Dr. Jon Wise, an independent researcher and writer, visited the Harry Ransom Center in October 2014 to research the Graham Greene collection with Mike Hill, a retired school teacher and current editor of A Sort of Newsletter, the quarterly journal of the Graham Greene Birthplace Trust. Wise and Hill previously co-authored The Works of Graham Greene: A Reader’s Bibliography and Guide in 2012. Upon the successful reception of that book, the two decided to produce a companion volume that covered Graham Greene’s original writings in manuscript form together with his unpublished work. Their research was supported by the Andrew W. Mellon Foundation Research Fellowship as part of the Ransom Center’s 2014–2015 fellowship program.
During our first visit to the Harry Ransom Center in 2014, Mike Hill and I worked through the existing Graham Greene collection. We were aware that since this collection was last cataloged there had been several important additions that would require a second visit. What we were unaware of, and what made our return visit doubly rewarding, was the existence of three large boxes of extra material, mainly correspondence, which had been acquired by the Center even more recently.
Prior to arrival we had been particularly interested to read Greene’s correspondence with the journalist Bernard Diederich and also with Dr. Michel Lechat. Both men, in different ways, helped Greene to achieve the authenticity for which his writing is renowned and also became personal friends. Diederich had an intimate knowledge of Central America and parts of South America. Greene’s exposé of Papa Doc Duvalier’s dictatorship in Haiti in his novel The Comedians together with Diederich’s investigative journalism helped bring to the attention of the world the true horrors of the regime. Later, Diederich introduced Greene to General Omar Torrijos of Panama. This resulted in the writer visiting the small country on a number of occasions and writing a memoir of the president. There are nearly 140 letters in this collection that date from 1965 to 1990. Although some are copies of correspondence to be found in the Greene collections at Boston College, the Ransom Center’s collection is particularly revealing about their campaign against the Duvalier dictatorship and Greene’s close involvement with Central American politics, which lasted throughout the 1980s.
Michel Lechat first became acquainted with Graham Greene when the writer visited his leprosy settlement in Yonda in 1959, in what was then the Belgian Congo. Greene stayed with the doctor and his family during the time he spent researching the setting for what became his 1961 work A Burnt-Out Case. Greene relied on Lechat’s intimate knowledge as a leprologist to provide details of this little-understood disease that is so much a part of the stark and uncomfortable reality that underpins the novel.
The material in the Ransom Center comes from Lechat’s personal files, and much of Greene’s writing is annotated by him with cover sheets, evidently written in 2007. Half the files consist of materials relating to A Burnt-Out Case and Greene’s Congo Journal and half comprises correspondence between the two men. Prior to publication, the writer sent drafts of the novels to Lechat, and the doctor responded with detailed notes and, in some cases, corrected factual errors in the narrative. He was also deeply critical of some of Greene’s more outspoken comments about individuals who the writer encountered during his stay at Yonda, and these were subsequently deleted from Congo Journal at Lechat’s behest. The 78 letters from Greene are the originals kept by Lechat and date from 1958 to 1988. This is a much fuller collection than at Boston College, which has notable gaps in the sequence of correspondence.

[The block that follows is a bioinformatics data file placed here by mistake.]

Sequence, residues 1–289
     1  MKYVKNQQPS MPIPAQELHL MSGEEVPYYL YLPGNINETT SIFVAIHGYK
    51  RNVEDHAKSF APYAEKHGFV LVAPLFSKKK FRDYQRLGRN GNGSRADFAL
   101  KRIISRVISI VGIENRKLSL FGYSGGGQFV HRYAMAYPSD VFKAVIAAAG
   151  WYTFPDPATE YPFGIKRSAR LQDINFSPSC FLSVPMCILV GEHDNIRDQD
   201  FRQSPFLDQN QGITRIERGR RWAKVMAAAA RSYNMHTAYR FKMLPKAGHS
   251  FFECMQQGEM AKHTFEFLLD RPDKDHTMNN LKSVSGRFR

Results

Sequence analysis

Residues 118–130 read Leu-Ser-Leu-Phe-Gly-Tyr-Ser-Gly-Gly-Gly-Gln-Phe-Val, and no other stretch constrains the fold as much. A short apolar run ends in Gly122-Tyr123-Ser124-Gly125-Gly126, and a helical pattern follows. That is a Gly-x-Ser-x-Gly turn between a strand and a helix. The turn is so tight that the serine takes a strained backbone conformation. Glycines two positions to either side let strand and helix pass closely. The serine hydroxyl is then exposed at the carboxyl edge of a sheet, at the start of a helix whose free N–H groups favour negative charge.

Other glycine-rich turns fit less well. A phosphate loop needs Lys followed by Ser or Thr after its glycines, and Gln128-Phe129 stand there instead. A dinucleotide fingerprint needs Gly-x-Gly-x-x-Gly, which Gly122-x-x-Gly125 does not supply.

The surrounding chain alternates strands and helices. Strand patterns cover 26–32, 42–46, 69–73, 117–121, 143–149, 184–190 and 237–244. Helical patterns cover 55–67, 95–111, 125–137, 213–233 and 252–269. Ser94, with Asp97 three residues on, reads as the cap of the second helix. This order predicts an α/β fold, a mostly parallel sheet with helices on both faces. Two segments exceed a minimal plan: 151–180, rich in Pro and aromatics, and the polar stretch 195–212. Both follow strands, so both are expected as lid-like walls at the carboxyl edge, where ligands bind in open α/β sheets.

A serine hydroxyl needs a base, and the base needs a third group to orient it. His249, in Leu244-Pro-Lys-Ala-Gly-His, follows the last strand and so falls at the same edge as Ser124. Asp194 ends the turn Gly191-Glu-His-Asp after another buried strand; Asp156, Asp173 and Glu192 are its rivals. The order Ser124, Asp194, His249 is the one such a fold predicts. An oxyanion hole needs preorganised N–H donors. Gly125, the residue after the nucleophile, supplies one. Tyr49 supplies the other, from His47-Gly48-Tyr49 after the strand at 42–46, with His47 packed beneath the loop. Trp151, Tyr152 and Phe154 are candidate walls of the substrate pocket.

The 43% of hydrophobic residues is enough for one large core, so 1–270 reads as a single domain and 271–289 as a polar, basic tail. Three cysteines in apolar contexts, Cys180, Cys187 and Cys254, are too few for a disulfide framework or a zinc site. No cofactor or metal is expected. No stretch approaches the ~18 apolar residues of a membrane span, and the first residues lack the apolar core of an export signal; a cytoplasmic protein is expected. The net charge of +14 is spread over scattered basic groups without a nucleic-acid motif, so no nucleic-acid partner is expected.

The three uncatalogued boxes referred to above contain some fascinating documents including filmscripts, an abandoned story, a copy of Greene’s U.S. National Security file obtained under the Freedom of Information Act, and a good deal of hitherto unknown correspondence. His letters, among other matters, include his thoughts on encountering the Italian priest Padre Pio, who was thought to bear the Stigmata, and an affectionate and nostalgic sequence of communications with his boyhood friend, the poet Peter Quennell, which includes rare references to Greene’s father. Finally, there is a series of letters some 30 in number, spanning the years 1938 to 1969, from Greene to Ben Huebsch and later Harold Guinzberg of Viking Press, his American publishers. This correspondence provides fresh insights into the writer’s many preoccupations during the middle period of his career. One can also chart Greene’s relationship with Viking Press from his initial enthusiasm over the Viking edition of his novel Brighton Rock to his eventual disillusionment concerning the treatment of his picaresque work Travels with My Aunt.
Hill and Wise’s upcoming book on Graham Greene will be published in September 2015.
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